The United States of America is the richest and most powerful nation on earth. It is, by definition, unique. Indeed, the study of American politics is generally considered to be so special that it warrants its own sub-field in most political science departments. Those who do try to compare America typically write about what is called “American Exceptionalism.”1 Of course this makes eminent sense, America is the dominant military and economic power in the world and it has used this power to shape the world around it. Even in the midst of one of the worst economic crises in history, America produces approximately 25 percent of the world gross product. No other country has the influence (for good or ill) as does the United States.
There can be no gainsaying that at the end of the 20th century America is the world’s leading nation and preeminent power. America’s GNP is now greater than the total GNP of: China, Russia, the United Kingdom, France, Italy, Australia, Canada, Spain, Sweden, Denmark, Austria and Switzerland, combined. It was not simply "luck" that has made the America so rich and powerful. This essay will argue that America’s economic success has been a product of both the incredible resources found in this country and the remarkable ability of the American people to make the most of those resources. Our Constitution, and the First Amendment specifically, have played an enormous role in the evolution of both our land and our culture. As Martin Diamond suggests, it is impossible to understand America without appreciating the formative influence the Constitution has had upon it.
Anyone who witness the current debate on health care reform in the US knows that a (or the) critical constraint on the expansion of public assistance in this area is our inability to raise sufficient funds to finance a comprehensive program–even when over 80% of the American public believe that "the government should insure that no one goes without health care because they cannot afford it" (Gallup 1979' Roper 1994). The case of health care policy is not unusual. The vast majority of public spending programs in America are widely supported by strong majorities of the public, by the politicians who sin on the committees that oversee the particular programs, and by the civiil servants that administer them. It is very clear that Americans do not like the symbol "big government." But when asked about government programs for public roads, public education, the national guard, Aid to Families with Dependent Children, the environment, public health, drugs, crime, space exploration, and virtually every other specific thing that government provides the public, large majorities of Americans say they either like the programs as they are, or want to see them increased.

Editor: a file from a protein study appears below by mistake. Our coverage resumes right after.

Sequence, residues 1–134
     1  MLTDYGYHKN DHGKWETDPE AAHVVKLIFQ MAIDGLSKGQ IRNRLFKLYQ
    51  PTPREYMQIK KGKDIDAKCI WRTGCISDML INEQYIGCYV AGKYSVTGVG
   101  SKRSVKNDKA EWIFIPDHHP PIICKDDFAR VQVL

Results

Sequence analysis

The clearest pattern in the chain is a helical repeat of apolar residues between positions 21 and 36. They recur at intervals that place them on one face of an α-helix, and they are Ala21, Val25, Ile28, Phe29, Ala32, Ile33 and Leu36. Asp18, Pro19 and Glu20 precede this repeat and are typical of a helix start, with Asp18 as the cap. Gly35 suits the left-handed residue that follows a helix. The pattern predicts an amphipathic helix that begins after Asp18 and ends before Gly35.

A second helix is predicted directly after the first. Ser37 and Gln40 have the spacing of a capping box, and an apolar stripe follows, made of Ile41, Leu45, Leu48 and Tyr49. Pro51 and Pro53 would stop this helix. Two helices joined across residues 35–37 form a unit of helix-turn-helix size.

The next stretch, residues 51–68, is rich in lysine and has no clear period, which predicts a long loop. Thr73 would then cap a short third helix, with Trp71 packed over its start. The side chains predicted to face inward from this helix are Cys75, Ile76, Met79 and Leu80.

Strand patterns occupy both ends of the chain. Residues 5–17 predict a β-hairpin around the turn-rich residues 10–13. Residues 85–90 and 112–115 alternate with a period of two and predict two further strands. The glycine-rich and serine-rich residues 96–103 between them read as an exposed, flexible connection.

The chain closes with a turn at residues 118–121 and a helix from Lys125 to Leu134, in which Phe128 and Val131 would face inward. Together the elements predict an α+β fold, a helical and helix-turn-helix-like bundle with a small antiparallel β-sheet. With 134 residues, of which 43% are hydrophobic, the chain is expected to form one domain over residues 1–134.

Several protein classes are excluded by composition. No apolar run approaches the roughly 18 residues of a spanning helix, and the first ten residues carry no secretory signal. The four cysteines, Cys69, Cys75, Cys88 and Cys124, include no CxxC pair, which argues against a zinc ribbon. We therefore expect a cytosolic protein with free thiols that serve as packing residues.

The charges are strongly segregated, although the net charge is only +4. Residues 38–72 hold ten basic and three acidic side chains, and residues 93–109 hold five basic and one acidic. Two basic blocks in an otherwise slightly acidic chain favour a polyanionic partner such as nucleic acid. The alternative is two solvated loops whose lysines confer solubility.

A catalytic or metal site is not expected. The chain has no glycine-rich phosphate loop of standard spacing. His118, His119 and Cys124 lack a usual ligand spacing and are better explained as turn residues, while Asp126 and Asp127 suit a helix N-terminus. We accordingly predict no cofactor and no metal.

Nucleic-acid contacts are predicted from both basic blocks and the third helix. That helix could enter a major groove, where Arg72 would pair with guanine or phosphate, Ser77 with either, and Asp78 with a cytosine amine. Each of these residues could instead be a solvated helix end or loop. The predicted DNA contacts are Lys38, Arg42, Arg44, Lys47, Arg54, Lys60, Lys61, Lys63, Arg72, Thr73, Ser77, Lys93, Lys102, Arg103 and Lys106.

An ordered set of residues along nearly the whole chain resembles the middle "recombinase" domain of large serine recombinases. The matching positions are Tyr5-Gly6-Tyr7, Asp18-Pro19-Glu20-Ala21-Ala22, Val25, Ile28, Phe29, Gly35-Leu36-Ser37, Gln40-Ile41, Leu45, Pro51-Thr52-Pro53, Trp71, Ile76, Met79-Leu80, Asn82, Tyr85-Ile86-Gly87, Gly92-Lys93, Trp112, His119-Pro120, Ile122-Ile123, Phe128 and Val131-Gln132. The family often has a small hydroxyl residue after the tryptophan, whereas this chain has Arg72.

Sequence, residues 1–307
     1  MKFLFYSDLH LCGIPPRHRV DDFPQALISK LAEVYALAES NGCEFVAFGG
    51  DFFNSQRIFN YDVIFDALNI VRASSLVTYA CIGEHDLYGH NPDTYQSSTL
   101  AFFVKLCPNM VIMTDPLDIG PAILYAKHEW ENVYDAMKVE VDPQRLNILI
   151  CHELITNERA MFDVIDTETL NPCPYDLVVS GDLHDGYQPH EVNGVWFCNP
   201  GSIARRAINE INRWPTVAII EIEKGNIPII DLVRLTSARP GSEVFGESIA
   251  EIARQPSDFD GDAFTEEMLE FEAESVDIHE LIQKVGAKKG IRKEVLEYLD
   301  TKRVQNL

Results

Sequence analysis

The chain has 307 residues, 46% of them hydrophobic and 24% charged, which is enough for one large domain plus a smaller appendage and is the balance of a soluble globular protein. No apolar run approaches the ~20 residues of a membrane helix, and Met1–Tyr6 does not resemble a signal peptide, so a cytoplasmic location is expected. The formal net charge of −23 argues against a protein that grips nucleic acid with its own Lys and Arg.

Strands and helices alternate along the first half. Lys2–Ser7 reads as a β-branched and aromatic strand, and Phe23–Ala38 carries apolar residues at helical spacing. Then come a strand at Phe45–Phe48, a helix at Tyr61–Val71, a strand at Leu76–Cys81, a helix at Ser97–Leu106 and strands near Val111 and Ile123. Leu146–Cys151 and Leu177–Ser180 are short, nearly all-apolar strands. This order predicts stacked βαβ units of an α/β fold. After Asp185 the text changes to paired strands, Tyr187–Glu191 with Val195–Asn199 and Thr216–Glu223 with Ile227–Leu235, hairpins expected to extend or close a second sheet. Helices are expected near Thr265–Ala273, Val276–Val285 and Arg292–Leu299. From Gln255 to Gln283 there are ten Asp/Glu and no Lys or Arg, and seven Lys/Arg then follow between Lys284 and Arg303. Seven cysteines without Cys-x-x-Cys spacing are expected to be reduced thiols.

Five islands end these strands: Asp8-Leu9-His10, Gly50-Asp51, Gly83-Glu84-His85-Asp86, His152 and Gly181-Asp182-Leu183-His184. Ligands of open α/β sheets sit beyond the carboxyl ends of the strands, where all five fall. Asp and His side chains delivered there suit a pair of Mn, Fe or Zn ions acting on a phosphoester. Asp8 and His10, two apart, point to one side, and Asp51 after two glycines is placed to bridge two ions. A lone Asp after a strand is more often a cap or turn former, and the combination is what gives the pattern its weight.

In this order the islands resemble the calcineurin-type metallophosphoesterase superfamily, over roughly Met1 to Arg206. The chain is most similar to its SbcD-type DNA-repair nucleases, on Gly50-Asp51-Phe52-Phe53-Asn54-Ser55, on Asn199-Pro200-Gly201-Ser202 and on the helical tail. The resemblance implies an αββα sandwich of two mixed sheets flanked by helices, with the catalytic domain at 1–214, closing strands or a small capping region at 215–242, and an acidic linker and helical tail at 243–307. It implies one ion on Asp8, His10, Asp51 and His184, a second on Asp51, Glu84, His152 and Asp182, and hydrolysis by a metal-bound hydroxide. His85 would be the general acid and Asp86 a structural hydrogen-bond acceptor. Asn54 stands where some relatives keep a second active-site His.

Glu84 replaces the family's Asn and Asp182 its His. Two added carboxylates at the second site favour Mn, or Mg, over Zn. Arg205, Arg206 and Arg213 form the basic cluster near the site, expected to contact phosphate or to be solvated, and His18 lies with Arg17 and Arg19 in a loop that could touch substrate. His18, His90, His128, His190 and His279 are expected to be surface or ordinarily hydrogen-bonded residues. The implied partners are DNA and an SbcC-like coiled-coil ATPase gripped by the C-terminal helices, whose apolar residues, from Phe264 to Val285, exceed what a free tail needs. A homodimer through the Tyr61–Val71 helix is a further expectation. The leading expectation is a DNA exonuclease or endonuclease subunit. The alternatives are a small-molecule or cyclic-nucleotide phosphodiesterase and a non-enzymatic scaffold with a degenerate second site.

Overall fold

Sven Steinmo and Jon Watts| It's the Institutions, Stupid! Why Comprehensive National Health Insurance Always Fails in America
We argue that the United States does not have comprehensive national health insurance (NHI) because American political institutions are biased against this type of reform. The original design of a fragmented and federated national political system serving an increasingly large and diverse polity has been further fragmented by a series of political reforms beginning with the Progressive era and culminating with the congressional reforms of the mid- 1970s. This institutional structure yields enormous power to intransigent interest groups and thus makes efforts by progressive reformers such as President Clinton (and previous reform-minded presidents before him) to mount a successful NHI campaign impossible. We show how this institutional structure has shaped political strategies and political outcomes related to NHI since
Franklin D. Roosevelt. Finally, we argue that this institutional structure contributes to the antigovernment attitudes so often observed among Americans.